POST

4September 2020

Can you do one more?

“Why are we doing this?!”

Jeff and I were sitting on some rocks just off the trail, quietly munching on snacks, when we heard it.

We could just see her through the trees, but she hadn’t yet seen us.

She was standing with her hands dangling, breathing hard, head back, shouting at the sky, at that point of frustration we’ve all felt when you think the sky owes you an answer, damnit!

The question was directed at the two others just ahead of her, but for a moment, it seemed so much bigger than that.

She turned with the curve of the trail and noticed us, put her hand to her mouth, and started to laugh.

“Sorry you had to hear that” she said sheepishly, “it just looks so far still.”

We laughed along with her, applauded her honesty, and tried to cheer her on for the steps to come.

We were just above the famous Saddleback pass, in a stand of larch forest on the south flank of Mount Fairview, one of the dazzling peaks that gathers around Lake Louise’s blue-green edges.

After a steady climb to the pass, the trail to Fairview’s nine thousand foot summit begins, zig-zagging through steep and crumbling terrain.

It’s got to be the best view you can get in that area without any technical climbing.

No ropes. Just one foot in front of the other.

A short while later, we passed her during their water break, and she was still skeptical that she’d see the top.

Other people visible on the skyline above were still ant-sized at that point. As though the sky was answering her question: because you have to.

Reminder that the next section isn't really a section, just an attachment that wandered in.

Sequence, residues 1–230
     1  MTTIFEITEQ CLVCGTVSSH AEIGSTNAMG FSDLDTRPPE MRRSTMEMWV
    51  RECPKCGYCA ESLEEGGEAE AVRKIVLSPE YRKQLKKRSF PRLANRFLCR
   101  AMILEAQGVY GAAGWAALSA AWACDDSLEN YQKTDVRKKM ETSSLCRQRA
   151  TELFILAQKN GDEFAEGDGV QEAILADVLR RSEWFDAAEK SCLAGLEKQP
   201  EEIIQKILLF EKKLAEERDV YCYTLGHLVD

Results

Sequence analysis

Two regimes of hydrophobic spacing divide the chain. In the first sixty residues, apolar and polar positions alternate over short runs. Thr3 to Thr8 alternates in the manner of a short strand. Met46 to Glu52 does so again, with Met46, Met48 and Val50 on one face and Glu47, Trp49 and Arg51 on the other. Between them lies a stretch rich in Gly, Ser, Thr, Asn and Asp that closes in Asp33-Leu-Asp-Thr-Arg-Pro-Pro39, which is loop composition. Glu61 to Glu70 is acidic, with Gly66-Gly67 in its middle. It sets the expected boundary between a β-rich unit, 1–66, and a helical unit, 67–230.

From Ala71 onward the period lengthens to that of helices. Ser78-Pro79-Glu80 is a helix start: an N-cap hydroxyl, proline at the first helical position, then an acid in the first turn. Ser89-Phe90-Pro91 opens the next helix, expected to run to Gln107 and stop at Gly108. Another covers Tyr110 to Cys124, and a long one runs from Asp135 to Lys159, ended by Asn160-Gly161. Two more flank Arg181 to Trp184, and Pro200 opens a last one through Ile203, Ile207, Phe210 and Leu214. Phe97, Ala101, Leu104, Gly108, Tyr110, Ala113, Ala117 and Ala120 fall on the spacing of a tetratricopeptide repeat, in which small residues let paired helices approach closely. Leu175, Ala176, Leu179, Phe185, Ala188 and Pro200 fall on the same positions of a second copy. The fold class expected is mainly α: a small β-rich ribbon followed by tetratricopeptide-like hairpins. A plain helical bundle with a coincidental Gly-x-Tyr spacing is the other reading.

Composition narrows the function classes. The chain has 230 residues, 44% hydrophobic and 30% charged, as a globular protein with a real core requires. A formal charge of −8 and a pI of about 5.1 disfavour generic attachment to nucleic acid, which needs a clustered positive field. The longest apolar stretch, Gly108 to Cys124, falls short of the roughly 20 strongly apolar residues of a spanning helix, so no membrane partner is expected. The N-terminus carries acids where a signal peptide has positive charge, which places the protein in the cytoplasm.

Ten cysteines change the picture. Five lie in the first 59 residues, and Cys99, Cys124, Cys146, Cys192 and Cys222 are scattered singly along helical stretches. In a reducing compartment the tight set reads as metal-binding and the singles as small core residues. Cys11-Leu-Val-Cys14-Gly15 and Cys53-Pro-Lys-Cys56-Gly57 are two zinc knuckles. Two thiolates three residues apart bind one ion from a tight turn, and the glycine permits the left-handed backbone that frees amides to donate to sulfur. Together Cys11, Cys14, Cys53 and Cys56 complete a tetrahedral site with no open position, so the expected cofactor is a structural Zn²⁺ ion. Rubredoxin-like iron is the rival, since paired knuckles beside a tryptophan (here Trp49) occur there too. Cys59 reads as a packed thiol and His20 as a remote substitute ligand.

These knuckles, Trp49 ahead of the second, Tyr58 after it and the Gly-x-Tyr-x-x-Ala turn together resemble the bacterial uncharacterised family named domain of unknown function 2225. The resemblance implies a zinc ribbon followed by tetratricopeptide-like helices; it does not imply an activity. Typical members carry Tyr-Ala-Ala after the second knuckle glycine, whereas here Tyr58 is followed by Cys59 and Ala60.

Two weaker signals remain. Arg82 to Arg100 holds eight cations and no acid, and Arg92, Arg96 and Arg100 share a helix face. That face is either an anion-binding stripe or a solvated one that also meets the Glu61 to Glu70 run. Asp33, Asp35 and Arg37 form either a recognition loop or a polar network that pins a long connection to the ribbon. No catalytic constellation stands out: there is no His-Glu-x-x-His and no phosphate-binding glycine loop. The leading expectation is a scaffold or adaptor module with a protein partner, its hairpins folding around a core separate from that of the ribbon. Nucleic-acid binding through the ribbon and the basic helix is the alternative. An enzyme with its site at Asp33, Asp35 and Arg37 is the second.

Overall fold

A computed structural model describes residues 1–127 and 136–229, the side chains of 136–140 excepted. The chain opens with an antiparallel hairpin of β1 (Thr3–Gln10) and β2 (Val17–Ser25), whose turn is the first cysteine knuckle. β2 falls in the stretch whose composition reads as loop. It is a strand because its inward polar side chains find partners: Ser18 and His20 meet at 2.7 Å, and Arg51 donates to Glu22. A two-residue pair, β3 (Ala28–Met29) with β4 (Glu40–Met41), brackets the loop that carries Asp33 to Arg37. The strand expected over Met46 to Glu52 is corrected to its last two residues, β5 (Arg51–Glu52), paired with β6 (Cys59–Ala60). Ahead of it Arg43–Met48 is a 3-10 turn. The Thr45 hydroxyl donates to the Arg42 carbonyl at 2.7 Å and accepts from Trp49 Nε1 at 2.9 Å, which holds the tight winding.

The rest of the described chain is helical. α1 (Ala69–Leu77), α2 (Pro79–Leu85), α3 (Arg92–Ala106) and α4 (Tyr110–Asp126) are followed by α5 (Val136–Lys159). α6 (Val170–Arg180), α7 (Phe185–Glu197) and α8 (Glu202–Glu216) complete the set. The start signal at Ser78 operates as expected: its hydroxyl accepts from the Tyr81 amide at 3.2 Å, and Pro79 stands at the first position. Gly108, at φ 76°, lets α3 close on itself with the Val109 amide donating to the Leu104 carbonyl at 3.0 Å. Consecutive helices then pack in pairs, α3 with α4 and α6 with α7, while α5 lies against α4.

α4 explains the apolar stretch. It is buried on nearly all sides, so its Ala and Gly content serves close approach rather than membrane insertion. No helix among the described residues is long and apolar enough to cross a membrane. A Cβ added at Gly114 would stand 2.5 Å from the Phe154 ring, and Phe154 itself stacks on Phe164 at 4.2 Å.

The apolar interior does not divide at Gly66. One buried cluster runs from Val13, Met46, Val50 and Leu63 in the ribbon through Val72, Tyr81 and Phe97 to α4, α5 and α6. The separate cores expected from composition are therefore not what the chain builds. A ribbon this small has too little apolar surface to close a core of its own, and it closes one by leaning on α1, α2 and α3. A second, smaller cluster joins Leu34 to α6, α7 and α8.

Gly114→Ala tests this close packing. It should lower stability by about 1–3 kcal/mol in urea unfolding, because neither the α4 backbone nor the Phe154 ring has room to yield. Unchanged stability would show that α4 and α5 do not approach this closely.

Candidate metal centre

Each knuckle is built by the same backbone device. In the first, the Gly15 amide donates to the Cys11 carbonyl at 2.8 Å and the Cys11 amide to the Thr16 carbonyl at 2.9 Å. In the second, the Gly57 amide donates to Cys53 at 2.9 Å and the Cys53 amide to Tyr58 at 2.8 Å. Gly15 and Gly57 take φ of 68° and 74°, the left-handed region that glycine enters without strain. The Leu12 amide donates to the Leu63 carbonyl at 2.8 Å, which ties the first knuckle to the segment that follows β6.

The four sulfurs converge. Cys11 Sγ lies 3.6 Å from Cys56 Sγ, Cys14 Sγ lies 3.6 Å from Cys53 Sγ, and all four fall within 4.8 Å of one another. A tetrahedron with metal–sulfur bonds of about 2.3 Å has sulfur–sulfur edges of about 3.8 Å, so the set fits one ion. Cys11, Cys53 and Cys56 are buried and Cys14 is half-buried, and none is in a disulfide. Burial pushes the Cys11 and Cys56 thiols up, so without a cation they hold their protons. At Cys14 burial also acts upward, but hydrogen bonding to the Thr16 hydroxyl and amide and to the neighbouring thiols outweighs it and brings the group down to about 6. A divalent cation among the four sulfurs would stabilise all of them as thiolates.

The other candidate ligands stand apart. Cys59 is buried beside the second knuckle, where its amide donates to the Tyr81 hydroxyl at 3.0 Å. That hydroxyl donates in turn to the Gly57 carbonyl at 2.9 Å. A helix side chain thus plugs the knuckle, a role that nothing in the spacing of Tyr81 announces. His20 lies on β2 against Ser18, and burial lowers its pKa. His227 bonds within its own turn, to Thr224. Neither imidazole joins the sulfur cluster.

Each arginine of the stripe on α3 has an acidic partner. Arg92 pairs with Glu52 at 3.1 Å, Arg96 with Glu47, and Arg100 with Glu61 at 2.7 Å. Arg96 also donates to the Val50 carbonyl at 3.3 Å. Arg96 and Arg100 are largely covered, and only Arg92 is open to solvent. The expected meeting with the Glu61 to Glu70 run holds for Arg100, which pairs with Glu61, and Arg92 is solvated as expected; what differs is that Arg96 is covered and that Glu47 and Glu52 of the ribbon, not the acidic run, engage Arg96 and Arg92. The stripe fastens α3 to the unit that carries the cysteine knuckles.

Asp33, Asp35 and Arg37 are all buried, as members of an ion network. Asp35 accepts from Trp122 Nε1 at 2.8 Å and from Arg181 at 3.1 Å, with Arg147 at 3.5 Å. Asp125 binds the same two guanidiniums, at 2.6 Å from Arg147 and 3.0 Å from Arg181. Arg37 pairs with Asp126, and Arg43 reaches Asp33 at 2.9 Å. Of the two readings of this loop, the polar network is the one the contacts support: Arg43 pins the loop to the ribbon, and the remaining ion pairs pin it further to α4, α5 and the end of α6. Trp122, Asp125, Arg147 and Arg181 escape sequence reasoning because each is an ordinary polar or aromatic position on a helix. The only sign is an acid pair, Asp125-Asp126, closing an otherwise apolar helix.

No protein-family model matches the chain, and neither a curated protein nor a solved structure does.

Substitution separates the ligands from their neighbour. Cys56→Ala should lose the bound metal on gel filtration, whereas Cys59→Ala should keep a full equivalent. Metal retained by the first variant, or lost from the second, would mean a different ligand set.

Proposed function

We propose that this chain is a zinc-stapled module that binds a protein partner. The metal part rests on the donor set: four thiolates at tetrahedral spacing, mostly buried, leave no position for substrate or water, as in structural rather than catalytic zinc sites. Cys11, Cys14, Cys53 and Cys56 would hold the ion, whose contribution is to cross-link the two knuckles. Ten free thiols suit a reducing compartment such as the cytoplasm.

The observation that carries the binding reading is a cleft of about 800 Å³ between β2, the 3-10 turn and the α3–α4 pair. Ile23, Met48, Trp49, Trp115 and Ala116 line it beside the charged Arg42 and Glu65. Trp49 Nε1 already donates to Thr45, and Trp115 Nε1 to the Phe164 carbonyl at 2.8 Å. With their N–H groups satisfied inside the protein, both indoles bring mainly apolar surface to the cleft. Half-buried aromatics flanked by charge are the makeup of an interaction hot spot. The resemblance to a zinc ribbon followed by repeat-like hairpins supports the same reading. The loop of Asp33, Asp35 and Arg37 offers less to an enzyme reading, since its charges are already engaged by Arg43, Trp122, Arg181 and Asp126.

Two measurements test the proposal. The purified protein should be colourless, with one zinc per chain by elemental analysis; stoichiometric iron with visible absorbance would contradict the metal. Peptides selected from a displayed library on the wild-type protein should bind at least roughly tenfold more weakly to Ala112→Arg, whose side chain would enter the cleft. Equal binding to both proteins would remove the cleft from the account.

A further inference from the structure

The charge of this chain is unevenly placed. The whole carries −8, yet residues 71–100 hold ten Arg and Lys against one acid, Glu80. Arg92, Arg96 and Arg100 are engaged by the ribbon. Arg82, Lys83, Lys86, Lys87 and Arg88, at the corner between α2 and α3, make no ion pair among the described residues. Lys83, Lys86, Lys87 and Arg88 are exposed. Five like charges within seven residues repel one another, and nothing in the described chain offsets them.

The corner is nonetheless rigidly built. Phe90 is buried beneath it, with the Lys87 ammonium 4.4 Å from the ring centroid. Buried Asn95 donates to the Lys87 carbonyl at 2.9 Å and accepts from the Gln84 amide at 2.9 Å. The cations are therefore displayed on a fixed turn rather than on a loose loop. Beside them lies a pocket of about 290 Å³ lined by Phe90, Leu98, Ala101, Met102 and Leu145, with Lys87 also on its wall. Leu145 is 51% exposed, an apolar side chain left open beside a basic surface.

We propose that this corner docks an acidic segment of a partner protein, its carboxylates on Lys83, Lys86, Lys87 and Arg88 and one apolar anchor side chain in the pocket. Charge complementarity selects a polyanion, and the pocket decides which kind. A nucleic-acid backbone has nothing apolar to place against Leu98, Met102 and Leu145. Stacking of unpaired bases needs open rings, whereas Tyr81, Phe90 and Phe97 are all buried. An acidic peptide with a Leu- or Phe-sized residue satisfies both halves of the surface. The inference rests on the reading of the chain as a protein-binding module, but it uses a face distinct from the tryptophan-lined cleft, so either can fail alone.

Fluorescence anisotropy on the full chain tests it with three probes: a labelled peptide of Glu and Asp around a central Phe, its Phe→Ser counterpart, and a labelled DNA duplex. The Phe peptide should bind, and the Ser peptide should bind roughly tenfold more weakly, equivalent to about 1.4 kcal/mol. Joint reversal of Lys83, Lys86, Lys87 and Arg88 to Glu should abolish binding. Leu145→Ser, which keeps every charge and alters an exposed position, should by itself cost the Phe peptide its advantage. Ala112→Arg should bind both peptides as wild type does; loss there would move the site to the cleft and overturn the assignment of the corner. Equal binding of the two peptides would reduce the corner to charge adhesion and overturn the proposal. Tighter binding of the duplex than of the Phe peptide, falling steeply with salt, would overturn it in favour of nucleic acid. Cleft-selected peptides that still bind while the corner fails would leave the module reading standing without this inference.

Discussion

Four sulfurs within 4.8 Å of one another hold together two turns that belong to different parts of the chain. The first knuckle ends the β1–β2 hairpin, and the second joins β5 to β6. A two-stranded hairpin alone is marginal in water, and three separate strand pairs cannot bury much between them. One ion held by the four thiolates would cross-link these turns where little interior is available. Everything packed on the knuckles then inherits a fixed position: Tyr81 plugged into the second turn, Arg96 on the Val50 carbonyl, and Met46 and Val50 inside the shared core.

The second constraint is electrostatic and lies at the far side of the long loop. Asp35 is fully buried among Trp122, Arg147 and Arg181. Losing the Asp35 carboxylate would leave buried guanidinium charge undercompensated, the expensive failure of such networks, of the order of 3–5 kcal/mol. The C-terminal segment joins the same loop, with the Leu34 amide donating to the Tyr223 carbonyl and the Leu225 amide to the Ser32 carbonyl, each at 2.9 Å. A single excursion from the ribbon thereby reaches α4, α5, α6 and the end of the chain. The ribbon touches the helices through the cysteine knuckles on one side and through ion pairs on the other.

We joked about renting her our dog, Russell, for the rest of it, since he was still pulling on the leash. A little extra forward momentum never hurts.

At the top, we huddled in our down jackets eating our sandwiches, lucky enough to get the place to ourselves.

After maybe fifteen minutes of enjoying the view, we heard a squeal from behind us.

Their party had shrunk to two, but there she was: hands in the air, practically skipping the final steps, breathless but still shouting her delight for the mountains to witness.

Jeff said “This why we do it” gesturing to the million dollar view. She kept grinning.

She even took a triumphant selfie with Russell before we started our descent.

The summit is where we celebrate. Where we high five, take the selfie, take it all in.

And usually, that’s what I have to share with you. The perspective from the top, after struggles have been had and obstacles bested.

Because it’s the cannon ball moment that lives in our imagination.

But having seen that woman at her low moment, and then seeing her again, arms wide and smiling at the top, it reminded me of how I hope I’ll remember 2020.

That when you can’t see the summit, you’re left alone with a question only you can answer:

Who do you have to be to get there?

You don’t have to like it. It probably won’t make for much of a selfie.

But if you really want to see the top, you answer that question for yourself, one step at a time.

Standing on the summit is the expression of strength, but it’s not where strength is built.

Whatever path you’re walking right now, if you’re tired and frustrated or you can’t quite see the top, there’s just one question: can you do one more?

 

 

Our actions today build our legacies for tomorrow. What kind of cairns do you want to build?

 

 

 

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